Saturday, August 22, 2009

Jeff Rivera


Mr. Rivera is an award-winning young adult author and the founder of GumboWriters.com, the leading self-publishing website geared to bypassing the traditional book publishing method. Rivera’s first book, Forever My Lady (Warner Books/Grand Central), was a critical hit and was named Book of the Year by Mi Gente Magazine. In addition to his writing, Rivera is a sought-after speaker on new media and publishing and has been featured in The Boston Globe, Publisher’s Weekly, and The Miami Herald and on NPR and American Latino TV, to name a few.
In addition, Rivera has just started working with mega media outlet The Huffington Post contributing a regular blog/column and on-camera video segments mainly focusing on issues related to “Young Hollywood.” Rivera has also been brought onboard by web giant MediaBistro.com to conduct a series of on-camera interviews for its web channel, Media Bistro Weekly Round-Up, after the success of Rivera’s GalleyCat.com column on Media Bistro, for which he’s been interviewing various authors over the past year. As anchor for Media Bistro Weekly Round-Up, one of his first upcoming on-camera interviews will be with bestselling novelist James Patterson.

Mr. Rivera’s interview with me is exciting and insightful, so I’m going to post it question/answer style so as not to detract from the original content.

1. Could you tell us a bit about your background? Who inspired you?
I was inspired first and foremost by my mother, who was a single parent. I didn’t come to realize how much she sacrificed and gave up in her life just to raise us three kids. Here was a woman who attended Yale at one point, only to get married and end up raising three young kids by herself. We struggled on welfare and food stamps, but we never knew the difference until we were much older because she always made things fun. There were also some of the most amazing teachers I had growing up who recognized right away my natural desire to write and encouraged it by putting me in TAG (Talented and Gifted) classes in Oregon.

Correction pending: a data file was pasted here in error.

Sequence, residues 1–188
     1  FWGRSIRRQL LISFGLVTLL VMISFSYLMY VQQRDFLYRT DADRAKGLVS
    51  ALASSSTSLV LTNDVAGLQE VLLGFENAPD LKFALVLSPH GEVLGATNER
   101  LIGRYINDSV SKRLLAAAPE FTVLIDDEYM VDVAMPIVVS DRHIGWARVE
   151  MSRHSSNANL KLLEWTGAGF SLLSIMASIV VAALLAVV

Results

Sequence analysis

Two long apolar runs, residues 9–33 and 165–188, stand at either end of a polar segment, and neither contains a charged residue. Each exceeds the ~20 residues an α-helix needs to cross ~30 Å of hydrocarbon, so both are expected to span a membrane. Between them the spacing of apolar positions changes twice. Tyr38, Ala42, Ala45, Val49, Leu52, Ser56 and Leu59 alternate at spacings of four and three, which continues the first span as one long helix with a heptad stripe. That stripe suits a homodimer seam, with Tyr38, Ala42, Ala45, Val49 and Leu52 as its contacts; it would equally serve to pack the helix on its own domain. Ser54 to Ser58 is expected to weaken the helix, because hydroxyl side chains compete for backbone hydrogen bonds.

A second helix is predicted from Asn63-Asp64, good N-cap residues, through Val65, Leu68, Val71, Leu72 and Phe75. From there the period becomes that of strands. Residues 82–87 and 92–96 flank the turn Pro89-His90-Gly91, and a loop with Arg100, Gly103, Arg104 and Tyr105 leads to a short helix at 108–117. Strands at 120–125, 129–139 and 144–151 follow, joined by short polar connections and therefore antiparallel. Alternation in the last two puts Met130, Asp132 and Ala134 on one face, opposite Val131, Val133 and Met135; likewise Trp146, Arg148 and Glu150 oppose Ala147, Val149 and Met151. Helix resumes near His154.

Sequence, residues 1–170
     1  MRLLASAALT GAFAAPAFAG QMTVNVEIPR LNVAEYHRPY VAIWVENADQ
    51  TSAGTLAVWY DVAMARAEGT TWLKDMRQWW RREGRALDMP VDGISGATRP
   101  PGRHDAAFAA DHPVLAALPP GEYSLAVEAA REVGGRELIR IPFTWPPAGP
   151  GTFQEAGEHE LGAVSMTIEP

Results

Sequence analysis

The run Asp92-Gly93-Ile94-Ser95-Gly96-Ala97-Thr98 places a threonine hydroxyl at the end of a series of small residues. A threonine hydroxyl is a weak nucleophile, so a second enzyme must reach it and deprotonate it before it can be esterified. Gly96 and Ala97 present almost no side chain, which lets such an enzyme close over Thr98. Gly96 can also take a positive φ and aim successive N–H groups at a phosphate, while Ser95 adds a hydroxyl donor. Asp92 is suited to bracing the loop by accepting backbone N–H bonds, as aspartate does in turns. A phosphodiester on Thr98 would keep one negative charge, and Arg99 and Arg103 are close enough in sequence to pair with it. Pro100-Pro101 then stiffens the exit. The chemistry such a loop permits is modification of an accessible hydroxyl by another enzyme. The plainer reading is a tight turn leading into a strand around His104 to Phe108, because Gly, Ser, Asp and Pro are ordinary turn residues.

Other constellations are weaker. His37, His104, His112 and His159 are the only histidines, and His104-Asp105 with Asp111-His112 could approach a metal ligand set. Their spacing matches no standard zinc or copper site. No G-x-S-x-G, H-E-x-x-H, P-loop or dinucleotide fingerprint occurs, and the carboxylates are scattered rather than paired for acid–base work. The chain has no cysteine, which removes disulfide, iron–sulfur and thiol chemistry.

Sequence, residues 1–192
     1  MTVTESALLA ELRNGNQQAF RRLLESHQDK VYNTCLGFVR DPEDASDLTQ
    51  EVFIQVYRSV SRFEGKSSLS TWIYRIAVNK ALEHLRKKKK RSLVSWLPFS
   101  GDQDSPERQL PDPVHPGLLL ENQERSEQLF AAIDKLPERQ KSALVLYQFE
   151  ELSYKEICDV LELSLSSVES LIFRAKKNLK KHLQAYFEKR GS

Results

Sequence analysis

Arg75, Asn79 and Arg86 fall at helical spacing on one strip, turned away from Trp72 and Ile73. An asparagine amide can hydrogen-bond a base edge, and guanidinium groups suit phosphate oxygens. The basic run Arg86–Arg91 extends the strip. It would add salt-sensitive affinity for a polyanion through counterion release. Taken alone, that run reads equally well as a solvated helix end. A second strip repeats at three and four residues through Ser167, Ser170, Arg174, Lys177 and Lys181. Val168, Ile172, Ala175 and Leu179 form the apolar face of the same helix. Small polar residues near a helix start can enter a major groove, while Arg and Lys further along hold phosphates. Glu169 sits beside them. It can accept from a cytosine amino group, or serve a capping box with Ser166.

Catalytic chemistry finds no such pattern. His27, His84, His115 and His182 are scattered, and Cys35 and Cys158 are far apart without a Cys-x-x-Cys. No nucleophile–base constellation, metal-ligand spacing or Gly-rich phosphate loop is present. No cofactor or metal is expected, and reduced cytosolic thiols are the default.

2. Can you acquire the “never give up” attitude, or is it something you’re just born with?

I think the “never give up” attitude is something that you are forced into in a sense. What I mean by that is that depending on your environment or what was going on in your life you either give up or you choose to move forward. For me, giving up wasn’t in my DNA. I just couldn’t imagine a world where I couldn’t write. It was as impossible to me as a world where I could not breathe.

3. Many kids have it very rough; what advice do you have for them?

I’m going to go beyond what they usually hear, which is “believe in yourself” and “never give up.” Kids hear that so much it goes in one ear and out the other. So what I’m going to say is if you wake up in the morning and all you can think about is your dream, whether it be an architect or a singer or a doctor, then that means you’re supposed to do that. You’re supposed to be in that field. But I would tell them to be open to the ways they can get what they want. For example, maybe you always dreamed of being a doctor ’cause you like helping people, but nurses often get to help and interact with people much more than doctors, so maybe when you get a taste of it you’ll find you really want to be a nurse. Or maybe you want to be a movie star ’cause you really love the attention and love you get from people when you perform. But if it’s immediate attention and love from your performance you might think about being a Broadway star. They get instant gratification performing in front of live audiences. Be open to how your dream, the essence of your dream, will happen, and you might be surprised what doors open up to you. And finally, I would tell them the same advice my father gave me, which was simplistic but very profound: “Be the best.” If you want to be a computer programmer, be the best there is. If you want to be a fashion designer, be the very best. If you’re the best, cream does eventually rise to the top.

4. What’s your opinion on “Young Hollywood?”